Therefore, it seems that the effectiveness of social media platforms is based on the acceptance of a limited privacy. This is a particular application of a general theory about data usability and privacy[4]. In few words, the higher is the knowledge that can be extracted by the analysis of data, the higher will also be the benefits for who performs the analysis and the privacy leakage for who generates such data. Some social media sites (e.g., Facebook) allows to restrict the access to private contents to only some friends[5]. While being a desirable option, in practice it has been shown in a research[6] that adults users have more difficulties in understating privacy settings than young users, and its application is consequently limited.  The collection of private data on social networks can be very easy. It is possible, for example, to buy up to 1 million real Facebook identities for as few as 5$[7]. Such data include name, surname and Facebook URLs, and can be used as a first step to conduct more dangerous identity theft, with passwords, credit card numbers and more information that risk to be disclosed.   

As the use of social media is expected to further grow in the future, it is desirable that their providers adopt privacy settings that are more intuitive and easy to tune. A special role is played by users, who are invited to limit as much as possible the sharing of personal information (e.g., plans of trips and pictures with geo-localization data). DOGANA especially focuses on education of employees, with an extensive study of new awareness methodologies aimed at efficiently training the final users.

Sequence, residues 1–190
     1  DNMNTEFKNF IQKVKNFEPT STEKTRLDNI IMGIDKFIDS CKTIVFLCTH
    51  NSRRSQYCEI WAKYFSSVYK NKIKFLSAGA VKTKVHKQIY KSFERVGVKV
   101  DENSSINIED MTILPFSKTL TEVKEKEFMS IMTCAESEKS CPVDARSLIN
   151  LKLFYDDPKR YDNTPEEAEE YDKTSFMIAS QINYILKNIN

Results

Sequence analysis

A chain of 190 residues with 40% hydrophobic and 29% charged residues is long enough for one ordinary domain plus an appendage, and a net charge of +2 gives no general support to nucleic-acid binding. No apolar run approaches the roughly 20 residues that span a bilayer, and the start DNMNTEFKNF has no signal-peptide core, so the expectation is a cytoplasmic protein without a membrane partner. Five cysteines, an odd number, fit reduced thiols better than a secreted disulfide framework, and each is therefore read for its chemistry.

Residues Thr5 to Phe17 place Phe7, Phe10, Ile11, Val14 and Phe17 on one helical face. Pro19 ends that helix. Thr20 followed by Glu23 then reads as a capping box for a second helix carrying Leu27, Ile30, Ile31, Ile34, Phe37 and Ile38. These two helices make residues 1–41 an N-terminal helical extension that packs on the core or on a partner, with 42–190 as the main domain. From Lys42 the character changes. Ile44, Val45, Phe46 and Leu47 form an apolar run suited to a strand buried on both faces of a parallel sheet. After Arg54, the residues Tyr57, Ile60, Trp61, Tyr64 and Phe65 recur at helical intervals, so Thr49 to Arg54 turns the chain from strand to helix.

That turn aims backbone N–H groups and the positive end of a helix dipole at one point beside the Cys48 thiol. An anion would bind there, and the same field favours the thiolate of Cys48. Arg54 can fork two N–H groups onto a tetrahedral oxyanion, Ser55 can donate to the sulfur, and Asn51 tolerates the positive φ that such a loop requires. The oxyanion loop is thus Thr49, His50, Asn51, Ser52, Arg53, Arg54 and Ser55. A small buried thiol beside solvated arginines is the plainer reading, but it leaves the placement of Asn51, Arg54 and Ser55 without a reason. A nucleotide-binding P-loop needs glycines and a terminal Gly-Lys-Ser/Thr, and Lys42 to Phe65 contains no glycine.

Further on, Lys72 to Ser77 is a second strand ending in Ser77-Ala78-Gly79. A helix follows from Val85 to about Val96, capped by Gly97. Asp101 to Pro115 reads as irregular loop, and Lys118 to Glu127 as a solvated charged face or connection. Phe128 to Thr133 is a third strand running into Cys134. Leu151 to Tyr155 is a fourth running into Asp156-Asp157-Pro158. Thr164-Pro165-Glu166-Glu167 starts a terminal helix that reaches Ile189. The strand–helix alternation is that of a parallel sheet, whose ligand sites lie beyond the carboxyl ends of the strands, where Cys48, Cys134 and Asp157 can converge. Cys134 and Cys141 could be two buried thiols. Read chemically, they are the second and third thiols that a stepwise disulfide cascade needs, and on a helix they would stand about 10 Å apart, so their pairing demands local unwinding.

[1] Fogel, Joshua, and Elham Nehmad. "Internet social network communities: Risk taking, trust, and privacy concerns." Computers in human behavior 25.1 (2009): 153-160.


[3] Oh, Seong Joon, et al. "Faceless person recognition: Privacy implications in social media." European Conference on Computer Vision. Springer International Publishing, 2016.

[4] Sankar, Lalitha, S. Raj Rajagopalan, and H. Vincent Poor. "A theory of utility and privacy of data sources." Information Theory Proceedings (ISIT), 2010 IEEE International Symposium on. IEEE, 2010.


[6] P. B. Brandtzg, M. Lders, and J. H. Skjetne, “Too many facebook friends? content sharing and sociability versus the need for privacy

in social network sites,” International Journal of HumanComputer Interaction, vol. 26, no. 11-12, pp. 1006–1030, 2010. [Online]. Available:



by Davide Andreoletti (SUPSI)


This project has received funding from the European Union’s Horizon 2020 Research and Innovation programme, under grant agreement No. 653618